Skill-biased also examines that opening tointernational trade affects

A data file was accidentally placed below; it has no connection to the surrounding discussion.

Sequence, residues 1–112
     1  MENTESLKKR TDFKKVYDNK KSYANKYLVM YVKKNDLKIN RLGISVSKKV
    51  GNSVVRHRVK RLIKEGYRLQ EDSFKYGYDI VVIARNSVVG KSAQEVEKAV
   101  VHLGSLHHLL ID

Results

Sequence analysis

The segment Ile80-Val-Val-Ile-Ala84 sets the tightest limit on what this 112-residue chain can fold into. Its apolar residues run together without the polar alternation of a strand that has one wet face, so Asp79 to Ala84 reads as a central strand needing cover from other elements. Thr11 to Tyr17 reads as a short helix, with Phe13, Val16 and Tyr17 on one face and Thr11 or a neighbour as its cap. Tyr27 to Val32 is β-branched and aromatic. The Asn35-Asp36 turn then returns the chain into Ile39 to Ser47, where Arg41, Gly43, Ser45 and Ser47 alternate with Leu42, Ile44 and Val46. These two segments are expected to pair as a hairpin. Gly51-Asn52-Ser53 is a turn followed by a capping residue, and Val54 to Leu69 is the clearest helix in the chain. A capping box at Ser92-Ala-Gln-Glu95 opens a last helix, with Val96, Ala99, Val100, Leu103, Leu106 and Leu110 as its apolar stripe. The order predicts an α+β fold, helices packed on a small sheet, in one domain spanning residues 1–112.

Skill-biased technological change is a very important contributor towards the increased level of inequality.In this paper, there is presented the case which indicates that technical change is not necessarilyskill-biased but, is a result of increasing availability of different skill-biased technologies thathave been researched and developed by advanced countries. The study also examines that opening tointernational trade affects the relative prices of skill-intensive products which impacts the adoption ofskill bias of technology. MICs are considered to be more skill-abundant as compared to other countriesso liberalization of trade will increase the relative price of skill-intensive products and make theadoption of skill-biased technologies easier and attractive. The opposite is true for economies that areskill-scarce. Skill-biased technological changes help in explaining critiques of trade-based explanationsrelated to increased inequality. Skill bias can also be determined by the endowment of skilledlabour which is why an increment in the supply of skilled labour stimulates SBTC such that supply ofskill creates its own demand.This phenomenon has also been explained from two different perspectives which tend to provide verydifferent views about what empirical evidences are relevant for defining wage inequality. For example,in the labour perspective, technological changes involve appropriate factor bias whereas, in thetrade perspective, there is a requirement of appropriate sector bias. In the former model, trade servesto be a factor that shifts supply whereas, in the latter model, it serves to be a demand shifter. Moreover,in the labour perspective, shift in supply always have an impact over wages which is not the casein the trade perspective. Despite these stark differences it is very important to understand that empiricalevidences that support both the perspective have, on balance, contributed towards the aspect thatinternational trade has a very insignificant role in the rising inequality situation.Are one from these two perspective right and the other one wrong? It cannot be judged on explanatorypower only as both offers an internally consistent story for the recent movement of skill premium.On some basic level, this judgment hugely depends over the preferences about theory. Beyond this,there is also scope for further empirical work which maintains its focus in distinguishing the two perspectives.This phenomenon also helps in explaining pervasive increased wage inequality because the technologiesthat developing counties can access are increasingly used to favor skilled workers even if theseeconomies are skill scarce lack of educational attainment for reducing wage inequality can be attributedto induced SBTC which acts against the standards substitution effect. Trade-induce skillbiasedtechnological changes help in defining the negative correlation between trade and inequality.


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